Based on the available evidence, ropivacaine may not be the local anesthetic of choice for spinal anesthesia in cases with relatively longer duration. However, its faster recovery characteristics resulting in shorter duration associated with better hemodynamic profile and earlier mobilization and voiding would make it suitable for short procedures being conducted in day care settings.

 
  References Top

1.
Simpson D, Curran MP, Oldfield V, Keating GM. Ropivacaine: A review of its use in regional anaesthesia and acute pain management. Drugs 2005;65:2675-717.  Back to cited text no. 1
    
2.
McNamee DA, McClelland AM, Scott S, Milligan KR, Westman L, Gustafsson U. Spinal anaesthesia: Comparison of plain ropivacaine 5 mg ml−1 with bupivacaine 5 mg ml−1 for major orthopaedic surgery. Br J Anaesth 2002;89:702-6.  Back to cited text no. 2
    
3.
Gautier PE, De Kock M, Van Steenberge A, Poth N, Lahaye-Goffart B, Fanard L, et al. Intrathecal ropivacaine for ambulatory surgery. Anesthesiology 1999;91:1239-45.  Back to cited text no. 3
    
4.
Hocking G, Wildsmith JA. Intrathecal drug spread. Br J Anaesth 2004;93:568-78.  Back to cited text no. 4
    
5.
Fettes PD, Hocking G, Peterson MK, Luck JF, Wildsmith JA. Comparison of plain and hyperbaric solutions of ropivacaine for spinal anaesthesia. Br J Anaesth 2005;94:107-11.  Back to cited text no. 5
    
6.
Kallio H, Snäll EV, Tuomas CA, Rosenberg PH. Comparison of hyperbaric and plain ropivacaine 15 mg in spinal anaesthesia for lower limb surgery. Br J Anaesth 2004;93:664-9.  Back to cited text no. 6
    
7.
Whiteside JB, Burke D, Wildsmith JA. Comparison of ropivacaine 0.5% (in glucose 5%) with bupivacaine 0.5% (in glucose 8%) for spinal anaesthesia for elective surgery. Br J Anaesth 2003;90:304-8.  Back to cited text no. 7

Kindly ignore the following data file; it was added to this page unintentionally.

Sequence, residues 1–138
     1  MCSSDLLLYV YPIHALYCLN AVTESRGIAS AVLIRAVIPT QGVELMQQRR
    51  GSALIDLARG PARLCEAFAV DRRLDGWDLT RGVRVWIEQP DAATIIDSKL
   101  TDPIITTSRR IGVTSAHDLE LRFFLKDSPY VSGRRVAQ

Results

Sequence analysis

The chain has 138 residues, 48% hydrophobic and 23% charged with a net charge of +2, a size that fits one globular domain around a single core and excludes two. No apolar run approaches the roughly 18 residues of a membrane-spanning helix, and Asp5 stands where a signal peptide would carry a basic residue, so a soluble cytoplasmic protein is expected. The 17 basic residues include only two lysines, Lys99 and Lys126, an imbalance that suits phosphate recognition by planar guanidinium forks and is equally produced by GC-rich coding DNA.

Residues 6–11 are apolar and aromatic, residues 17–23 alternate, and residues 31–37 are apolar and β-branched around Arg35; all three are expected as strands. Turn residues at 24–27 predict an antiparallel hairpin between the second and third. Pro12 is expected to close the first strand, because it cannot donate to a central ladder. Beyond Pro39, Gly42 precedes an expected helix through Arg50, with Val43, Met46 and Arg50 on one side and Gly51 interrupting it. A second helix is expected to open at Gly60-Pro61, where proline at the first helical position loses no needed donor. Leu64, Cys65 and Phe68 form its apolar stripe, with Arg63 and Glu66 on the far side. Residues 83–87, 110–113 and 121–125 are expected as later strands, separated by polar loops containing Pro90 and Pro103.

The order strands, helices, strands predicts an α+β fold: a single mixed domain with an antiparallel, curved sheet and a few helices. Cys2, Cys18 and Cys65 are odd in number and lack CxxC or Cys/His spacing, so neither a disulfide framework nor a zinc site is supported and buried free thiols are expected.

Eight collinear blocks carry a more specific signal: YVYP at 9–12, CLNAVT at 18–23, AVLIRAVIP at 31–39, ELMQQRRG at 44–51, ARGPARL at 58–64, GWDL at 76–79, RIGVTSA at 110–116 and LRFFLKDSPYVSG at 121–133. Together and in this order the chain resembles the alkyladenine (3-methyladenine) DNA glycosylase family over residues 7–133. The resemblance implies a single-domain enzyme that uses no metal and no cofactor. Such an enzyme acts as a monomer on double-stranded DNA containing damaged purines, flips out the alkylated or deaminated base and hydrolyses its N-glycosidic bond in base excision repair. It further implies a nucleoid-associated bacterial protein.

8.
Luck JF, Fettes PD, Wildsmith JA. Spinal anaesthesia for elective surgery: A comparison of hyperbaric solutions of racemic bupivacaine, levobupivacaine, and ropivacaine. Br J Anaesth 2008;101:705-10.  Back to cited text no. 8
    
9.
Erturk E, Tutuncu C, Eroglu A, Gokben M. Clinical comparison of 12 mg ropivacaine and 8 mg bupivacaine, both with 20 µg fentanyl, in spinal anaesthesia for major orthopaedic surgery in geriatric patients. Med Princ Pract 2010;19:142-7.  Back to cited text no. 9
    
10.
Dar FA, Mushtaq MB, Khan UM. Hyperbaric spinal ropivacaine in lower limb and hip surgery: A comparison with hyperbaric bupivacaine. J Anaesthesiol Clin Pharmacol 2015;31:466-70.  Back to cited text no. 10
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11.
Schneider M, Ettlin T, Kaufmann M, Schumacher P, Urwyler A, Hampl K, et al. Transient neurologic toxicity after hyperbaric subarachnoid anesthesia with 5% lidocaine. Anesth Analg 1993;76:1154-7.  Back to cited text no. 11
    
12.
Nair GS, Abrishami A, Lermitte J, Chung F. Systematic review of spinal anaesthesia using bupivacaine for ambulatory knee arthroscopy. Br J Anaesth 2009;102:307-15.  Back to cited text no. 12
    
13.
Thakur A, Bhardwaj M, Kaur K, Dureja J, Hooda S, Taxak S. Intrathecal clonidine as an adjuvant to hyperbaric bupivacaine in patients undergoing inguinal herniorrhaphy: A randomized double-blinded study. J Anaesthesiol Clin Pharmacol 2013;29:66-70.  Back to cited text no. 13